COVID-19 presents an opportunity for African countries to accelerate the shift towards a single market and for the continent to make a paradigm shift to be able to fend for itself and reduce its dependence on food imports.
One of the principal objectives of the AfCFTA is to expand intra-African trade, improving the flow of goods and services across countries and boosting economic growth through increased agro-processing and a strategy of diversification and industrialization.
It goes without saying that Africa is a net importer of food, with staple foods such as wheat, rice and maize being some of the largest imports. Africa’s agricultural exports comprise mostly cash crops like cocoa, coffee and spices, which have relatively limited markets in Africa, while basic food products are imported, indicating the need to prioritise a more diverse trade basket of goods.
Lowering intra-regional import tariffs facilitates the movement of agricultural products that will help address the immediate concern around the possibility of low food supplies and general food insecurity, while laying the foundation for long-term policies.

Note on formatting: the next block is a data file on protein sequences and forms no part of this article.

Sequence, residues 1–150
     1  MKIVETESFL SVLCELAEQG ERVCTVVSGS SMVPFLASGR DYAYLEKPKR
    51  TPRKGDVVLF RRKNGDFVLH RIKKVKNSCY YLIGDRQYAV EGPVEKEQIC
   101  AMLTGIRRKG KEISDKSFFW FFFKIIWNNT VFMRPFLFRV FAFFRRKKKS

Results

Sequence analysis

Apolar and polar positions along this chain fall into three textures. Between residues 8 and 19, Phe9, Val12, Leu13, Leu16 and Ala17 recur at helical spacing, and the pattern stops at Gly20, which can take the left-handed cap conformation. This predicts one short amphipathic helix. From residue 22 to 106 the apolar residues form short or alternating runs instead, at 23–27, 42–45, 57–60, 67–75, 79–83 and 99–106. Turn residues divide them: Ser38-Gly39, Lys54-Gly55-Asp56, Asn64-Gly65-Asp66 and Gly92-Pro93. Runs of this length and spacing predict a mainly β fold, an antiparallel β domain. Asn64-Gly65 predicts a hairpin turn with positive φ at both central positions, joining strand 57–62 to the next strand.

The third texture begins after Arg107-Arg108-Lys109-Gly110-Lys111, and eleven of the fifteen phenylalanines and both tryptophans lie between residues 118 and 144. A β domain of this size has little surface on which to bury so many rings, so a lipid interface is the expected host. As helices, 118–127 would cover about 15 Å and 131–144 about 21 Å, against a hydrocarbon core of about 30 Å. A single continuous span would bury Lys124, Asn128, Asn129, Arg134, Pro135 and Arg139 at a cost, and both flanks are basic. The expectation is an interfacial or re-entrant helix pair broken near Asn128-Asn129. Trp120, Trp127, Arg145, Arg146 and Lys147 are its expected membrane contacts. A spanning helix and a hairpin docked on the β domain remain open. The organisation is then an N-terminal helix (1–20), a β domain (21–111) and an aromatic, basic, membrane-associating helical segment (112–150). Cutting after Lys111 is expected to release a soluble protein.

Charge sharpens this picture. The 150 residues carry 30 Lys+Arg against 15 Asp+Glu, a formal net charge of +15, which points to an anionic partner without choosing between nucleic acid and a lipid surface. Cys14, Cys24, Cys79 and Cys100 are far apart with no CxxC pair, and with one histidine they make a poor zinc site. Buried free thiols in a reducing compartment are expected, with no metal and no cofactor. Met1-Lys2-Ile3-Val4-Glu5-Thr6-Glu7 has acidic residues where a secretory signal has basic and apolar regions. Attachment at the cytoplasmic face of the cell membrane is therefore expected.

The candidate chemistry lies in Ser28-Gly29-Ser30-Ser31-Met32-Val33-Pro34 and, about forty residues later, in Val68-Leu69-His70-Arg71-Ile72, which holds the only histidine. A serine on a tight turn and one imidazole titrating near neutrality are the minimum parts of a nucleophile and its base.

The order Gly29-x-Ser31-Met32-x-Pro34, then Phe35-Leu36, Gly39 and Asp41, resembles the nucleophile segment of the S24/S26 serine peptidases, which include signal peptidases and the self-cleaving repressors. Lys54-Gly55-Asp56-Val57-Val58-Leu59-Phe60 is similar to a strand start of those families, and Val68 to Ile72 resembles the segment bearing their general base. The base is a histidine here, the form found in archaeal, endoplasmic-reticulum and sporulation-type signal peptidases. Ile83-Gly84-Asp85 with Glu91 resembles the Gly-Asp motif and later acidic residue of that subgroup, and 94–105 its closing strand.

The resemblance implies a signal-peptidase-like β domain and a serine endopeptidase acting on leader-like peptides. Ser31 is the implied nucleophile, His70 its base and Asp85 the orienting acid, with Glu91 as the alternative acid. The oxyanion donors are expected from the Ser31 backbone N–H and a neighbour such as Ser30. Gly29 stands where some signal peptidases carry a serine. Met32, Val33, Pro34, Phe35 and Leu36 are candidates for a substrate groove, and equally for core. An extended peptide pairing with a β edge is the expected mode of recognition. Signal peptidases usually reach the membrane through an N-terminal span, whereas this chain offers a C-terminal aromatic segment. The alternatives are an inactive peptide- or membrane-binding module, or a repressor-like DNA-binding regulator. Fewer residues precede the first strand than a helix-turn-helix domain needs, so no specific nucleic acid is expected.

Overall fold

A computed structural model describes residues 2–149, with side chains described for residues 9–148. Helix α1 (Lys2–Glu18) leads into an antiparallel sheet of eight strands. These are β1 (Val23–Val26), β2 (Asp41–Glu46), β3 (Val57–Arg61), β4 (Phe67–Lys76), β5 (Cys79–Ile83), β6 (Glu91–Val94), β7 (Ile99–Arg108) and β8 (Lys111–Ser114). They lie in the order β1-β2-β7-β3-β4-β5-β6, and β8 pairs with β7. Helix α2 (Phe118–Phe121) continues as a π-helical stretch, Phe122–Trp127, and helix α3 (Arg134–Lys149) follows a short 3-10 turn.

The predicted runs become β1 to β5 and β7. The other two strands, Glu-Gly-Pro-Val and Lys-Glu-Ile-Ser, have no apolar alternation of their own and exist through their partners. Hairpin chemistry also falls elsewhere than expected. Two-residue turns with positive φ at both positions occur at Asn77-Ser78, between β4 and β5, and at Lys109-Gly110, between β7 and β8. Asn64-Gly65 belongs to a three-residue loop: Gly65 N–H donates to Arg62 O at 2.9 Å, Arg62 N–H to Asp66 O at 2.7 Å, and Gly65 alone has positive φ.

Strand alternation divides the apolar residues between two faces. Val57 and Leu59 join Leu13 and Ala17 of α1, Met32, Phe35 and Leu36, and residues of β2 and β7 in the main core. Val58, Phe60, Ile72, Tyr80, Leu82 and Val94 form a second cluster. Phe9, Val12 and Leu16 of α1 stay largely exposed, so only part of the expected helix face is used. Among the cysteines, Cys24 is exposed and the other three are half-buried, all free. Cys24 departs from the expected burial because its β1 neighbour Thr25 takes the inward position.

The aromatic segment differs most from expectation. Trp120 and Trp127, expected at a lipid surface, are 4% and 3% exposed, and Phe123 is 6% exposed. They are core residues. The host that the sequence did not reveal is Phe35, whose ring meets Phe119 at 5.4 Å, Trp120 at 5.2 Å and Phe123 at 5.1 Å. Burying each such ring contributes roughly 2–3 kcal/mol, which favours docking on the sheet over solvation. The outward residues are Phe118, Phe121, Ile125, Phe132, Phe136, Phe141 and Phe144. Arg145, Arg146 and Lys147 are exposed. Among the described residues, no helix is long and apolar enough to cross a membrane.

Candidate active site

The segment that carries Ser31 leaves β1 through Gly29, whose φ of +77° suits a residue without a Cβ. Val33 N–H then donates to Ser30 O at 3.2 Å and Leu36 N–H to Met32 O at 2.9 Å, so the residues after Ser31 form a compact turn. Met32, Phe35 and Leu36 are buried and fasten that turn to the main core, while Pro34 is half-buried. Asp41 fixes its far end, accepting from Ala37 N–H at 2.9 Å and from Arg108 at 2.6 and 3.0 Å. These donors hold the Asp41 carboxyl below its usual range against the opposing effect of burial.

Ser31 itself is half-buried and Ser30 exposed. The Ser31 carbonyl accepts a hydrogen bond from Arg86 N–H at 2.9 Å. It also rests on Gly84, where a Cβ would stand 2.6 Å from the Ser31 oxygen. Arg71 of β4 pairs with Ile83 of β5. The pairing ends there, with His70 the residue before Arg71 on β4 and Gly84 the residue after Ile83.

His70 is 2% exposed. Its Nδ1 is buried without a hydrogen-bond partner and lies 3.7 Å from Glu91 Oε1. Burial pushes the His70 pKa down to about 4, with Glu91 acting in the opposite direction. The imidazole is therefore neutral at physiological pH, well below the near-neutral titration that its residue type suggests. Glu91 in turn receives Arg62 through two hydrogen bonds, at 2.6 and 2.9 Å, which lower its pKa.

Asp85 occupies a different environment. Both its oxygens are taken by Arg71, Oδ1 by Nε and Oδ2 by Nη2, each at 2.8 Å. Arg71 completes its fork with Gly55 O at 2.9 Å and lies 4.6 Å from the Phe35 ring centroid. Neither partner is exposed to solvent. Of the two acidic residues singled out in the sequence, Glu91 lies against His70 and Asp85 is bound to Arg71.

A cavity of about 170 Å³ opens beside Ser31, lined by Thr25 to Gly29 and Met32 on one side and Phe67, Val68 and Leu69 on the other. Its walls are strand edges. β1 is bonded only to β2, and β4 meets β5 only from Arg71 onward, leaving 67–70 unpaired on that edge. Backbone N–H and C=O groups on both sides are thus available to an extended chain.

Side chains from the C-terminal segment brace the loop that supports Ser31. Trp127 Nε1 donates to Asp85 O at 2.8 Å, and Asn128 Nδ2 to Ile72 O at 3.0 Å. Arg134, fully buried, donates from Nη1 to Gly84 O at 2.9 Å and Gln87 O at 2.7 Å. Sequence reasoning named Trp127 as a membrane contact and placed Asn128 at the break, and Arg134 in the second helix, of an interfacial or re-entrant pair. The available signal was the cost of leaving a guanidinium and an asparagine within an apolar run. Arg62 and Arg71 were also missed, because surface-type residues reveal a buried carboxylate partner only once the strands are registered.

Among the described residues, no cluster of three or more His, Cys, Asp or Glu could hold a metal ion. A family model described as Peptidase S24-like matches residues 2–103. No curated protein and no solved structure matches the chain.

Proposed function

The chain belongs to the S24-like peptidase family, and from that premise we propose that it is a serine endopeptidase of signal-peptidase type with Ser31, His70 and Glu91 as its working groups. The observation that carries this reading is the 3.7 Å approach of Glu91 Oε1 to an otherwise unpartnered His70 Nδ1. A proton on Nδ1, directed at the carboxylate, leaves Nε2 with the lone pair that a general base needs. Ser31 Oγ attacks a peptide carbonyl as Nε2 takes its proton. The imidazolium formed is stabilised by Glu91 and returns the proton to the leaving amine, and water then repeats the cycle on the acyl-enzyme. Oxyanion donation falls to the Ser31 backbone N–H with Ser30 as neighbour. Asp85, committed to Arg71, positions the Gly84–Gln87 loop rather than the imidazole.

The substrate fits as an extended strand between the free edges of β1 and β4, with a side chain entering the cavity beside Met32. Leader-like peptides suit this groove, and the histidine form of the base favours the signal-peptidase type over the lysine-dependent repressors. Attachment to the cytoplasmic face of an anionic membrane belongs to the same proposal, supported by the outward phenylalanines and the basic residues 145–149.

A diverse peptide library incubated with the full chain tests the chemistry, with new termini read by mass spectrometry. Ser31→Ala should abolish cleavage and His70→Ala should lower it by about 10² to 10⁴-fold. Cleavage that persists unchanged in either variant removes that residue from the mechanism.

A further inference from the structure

It is essential to remove non-tariff barriers like transport and logistics bottlenecks, which have long been a deterrent for the efficient movement of goods and services between African countries. The outbreak of COVID-19 is threatening to affect the entire food system, especially in Africa and hence it is imperative for African countries to accelerate the shift towards an effective AfCFTA implementation.
Commodity exporting African countries like ours are the hardest hit and the lessons taught by the outbreak of this pandemic should prompt a more decisive determination to create a single market. As Ghana gradually eases its COVID-19 restrictions, and other African countries follow, the urge to make this all-important paradigm shift towards a single market will be heightened.
AfCFTA is a lifeline for Africa and the sooner we recognize it, the better our future prospects will be. It cannot therefore be a fluke that almost all Africa’s 54 states have signed onto the deal.